Sitting in her office just a few days before her 25th season as Marion volleyball coach, Lisa Beasley turns reflective.
“This has been such a wild, wonderful journey,” said Beasley. “The program is one thing, but building lasting relationships with our girls and watching them grow up and become successful adults is just so rewarding. I've had an amazing support system and cast. Every administrator and parent have left their impact on me in a very positive way.”
Since 1996, Beasley has crafted one of the elite high school volleyball programs in the state. Marion has earned 10 conference titles and played for the state championship seven times, winning state titles in 2010, 2011, and 2015. Sixty Patriot volleyball players have earned all-conference honors, with 29 players earning all-state nods. Four Marion volleyballers earned all-state honors three seasons. Twenty Marion netters have earned AHSCA All-Star selections.
“It takes a village to do all of that, though,” said Beasley. “We've had the best administration backing us all the way, and so many people who have gone above and beyond to make this successful. Barbara and Debbie Reginelli, Sherri Luttrell, Leslie Brick, Marcia Sutton, Becky and Eric Hart, the late Susan McFalls, Helen Compton, and that's just getting started. Tanya Witt and Lisa Lovely have been around now for years. The parents who continued to go above and beyond, even after their daughter played for me is unreal. The Foglemans, Bramuccis, Parkers, Catts, Sinclairs, Woody, and Diane Wheeless. It's just humbling.”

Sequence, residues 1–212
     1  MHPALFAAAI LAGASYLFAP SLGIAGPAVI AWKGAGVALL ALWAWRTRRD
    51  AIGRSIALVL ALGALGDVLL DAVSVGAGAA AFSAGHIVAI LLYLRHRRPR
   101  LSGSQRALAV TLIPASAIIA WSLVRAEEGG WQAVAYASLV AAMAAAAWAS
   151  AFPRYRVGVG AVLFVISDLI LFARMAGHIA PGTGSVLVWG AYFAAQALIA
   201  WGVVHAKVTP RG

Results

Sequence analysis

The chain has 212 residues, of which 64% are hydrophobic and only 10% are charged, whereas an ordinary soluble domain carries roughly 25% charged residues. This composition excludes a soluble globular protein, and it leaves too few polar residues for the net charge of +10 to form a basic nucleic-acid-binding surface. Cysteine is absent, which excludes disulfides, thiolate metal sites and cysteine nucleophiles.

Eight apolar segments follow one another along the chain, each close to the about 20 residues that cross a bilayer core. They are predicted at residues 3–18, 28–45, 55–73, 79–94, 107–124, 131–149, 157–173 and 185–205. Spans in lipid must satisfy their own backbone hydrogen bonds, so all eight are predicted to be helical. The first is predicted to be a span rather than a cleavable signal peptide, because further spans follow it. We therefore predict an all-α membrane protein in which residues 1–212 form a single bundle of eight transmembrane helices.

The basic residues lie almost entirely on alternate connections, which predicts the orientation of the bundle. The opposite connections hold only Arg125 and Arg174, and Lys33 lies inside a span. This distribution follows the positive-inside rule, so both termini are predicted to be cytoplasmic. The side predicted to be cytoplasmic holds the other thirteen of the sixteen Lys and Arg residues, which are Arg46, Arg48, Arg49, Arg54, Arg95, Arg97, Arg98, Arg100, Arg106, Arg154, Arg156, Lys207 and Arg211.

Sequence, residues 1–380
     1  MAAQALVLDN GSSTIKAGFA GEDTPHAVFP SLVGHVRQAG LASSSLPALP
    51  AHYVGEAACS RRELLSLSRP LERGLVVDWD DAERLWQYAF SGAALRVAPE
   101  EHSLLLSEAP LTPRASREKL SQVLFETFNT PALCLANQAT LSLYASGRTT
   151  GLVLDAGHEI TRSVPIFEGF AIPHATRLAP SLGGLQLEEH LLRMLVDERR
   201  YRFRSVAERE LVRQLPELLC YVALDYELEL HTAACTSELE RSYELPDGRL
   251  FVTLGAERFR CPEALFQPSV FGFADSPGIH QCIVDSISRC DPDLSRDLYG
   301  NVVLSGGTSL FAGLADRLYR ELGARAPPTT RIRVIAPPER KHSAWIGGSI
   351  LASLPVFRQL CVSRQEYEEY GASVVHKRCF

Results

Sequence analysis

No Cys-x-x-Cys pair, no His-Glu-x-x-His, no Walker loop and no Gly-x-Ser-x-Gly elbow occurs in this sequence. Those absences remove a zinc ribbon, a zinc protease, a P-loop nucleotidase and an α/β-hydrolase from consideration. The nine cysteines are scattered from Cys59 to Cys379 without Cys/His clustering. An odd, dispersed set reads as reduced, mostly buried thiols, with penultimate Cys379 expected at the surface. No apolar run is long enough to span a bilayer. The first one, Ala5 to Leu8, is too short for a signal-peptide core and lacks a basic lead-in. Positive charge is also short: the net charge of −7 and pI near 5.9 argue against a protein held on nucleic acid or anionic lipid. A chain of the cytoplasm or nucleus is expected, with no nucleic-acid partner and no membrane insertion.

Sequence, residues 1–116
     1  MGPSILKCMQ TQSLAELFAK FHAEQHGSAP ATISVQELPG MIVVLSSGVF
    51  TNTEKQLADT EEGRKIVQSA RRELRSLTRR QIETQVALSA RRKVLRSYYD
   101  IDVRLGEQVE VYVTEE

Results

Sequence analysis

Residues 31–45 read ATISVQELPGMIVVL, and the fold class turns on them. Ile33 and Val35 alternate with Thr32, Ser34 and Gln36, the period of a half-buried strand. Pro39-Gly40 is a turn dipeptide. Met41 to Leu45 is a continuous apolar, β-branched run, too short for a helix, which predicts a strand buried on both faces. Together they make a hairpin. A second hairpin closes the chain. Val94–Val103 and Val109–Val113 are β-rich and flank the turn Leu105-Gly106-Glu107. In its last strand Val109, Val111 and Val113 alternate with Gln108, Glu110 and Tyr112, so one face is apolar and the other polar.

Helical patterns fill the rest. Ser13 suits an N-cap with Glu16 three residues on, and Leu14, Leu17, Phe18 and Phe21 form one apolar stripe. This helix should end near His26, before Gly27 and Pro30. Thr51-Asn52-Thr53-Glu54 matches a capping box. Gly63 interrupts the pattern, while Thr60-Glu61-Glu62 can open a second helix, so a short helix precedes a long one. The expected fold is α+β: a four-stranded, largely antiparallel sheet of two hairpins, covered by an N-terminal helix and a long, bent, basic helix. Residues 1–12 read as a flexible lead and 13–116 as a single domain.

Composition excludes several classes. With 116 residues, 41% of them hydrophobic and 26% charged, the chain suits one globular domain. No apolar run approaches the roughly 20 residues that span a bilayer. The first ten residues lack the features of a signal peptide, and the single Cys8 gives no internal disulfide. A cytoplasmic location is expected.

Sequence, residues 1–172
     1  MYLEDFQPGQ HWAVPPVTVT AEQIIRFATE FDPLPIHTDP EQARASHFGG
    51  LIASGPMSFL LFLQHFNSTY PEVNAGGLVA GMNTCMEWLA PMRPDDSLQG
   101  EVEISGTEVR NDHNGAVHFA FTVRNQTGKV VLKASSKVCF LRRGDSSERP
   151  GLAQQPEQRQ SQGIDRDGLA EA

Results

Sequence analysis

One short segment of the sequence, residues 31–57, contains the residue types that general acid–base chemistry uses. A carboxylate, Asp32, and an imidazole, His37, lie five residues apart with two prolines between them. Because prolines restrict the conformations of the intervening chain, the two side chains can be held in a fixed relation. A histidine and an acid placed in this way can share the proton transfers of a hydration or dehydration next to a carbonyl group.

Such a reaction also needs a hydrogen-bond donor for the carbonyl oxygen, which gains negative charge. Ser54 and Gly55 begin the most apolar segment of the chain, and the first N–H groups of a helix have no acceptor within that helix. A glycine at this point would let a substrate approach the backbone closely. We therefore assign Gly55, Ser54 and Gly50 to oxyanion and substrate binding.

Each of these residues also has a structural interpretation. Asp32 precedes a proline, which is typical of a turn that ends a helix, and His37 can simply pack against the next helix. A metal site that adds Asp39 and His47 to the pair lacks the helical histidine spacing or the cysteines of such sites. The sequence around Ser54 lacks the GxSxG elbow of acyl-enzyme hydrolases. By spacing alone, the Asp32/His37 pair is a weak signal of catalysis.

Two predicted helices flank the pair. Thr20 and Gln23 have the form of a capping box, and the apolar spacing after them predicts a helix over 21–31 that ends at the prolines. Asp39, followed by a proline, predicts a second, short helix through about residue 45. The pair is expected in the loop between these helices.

For Beasley, the journey from rookie coach at a rookie program to state title contender was full of lessons learned.
A Paragould native, Beasley's classmates voted her Most Athletic her senior year. As a junior, she won the Jim Beville Outstanding Female Athlete Award (best all-around athlete who contributes to the success of multiple sports) after starring as a volleyball, basketball, and track athlete in addition to playing softball during the summer.
Beasley earned her bachelor's and master's degrees in physical education at Arkansas State and “knew I wanted to coach, I just wasn't sure where,” said the coach. “I felt comfortable coaching everything except volleyball.”
Beasley observed Coach Donna Clark at Harrisburg and did her student teaching under legendary coach Glenda Patterson at Jonesboro Westside and “that's when I realized I wanted to coach volleyball,” said Beasley.
Marion Superintendent Dan Shepherd offered Beasley the opportunity to launch the volleyball program in the spring of 1996, “which really appealed to me because I didn't have to hear about how 'Coach so-and-so did it this way and coach so-and-so did this,'” said Beasley. “It was nice to not walk in someone else's shadow right off the bat.”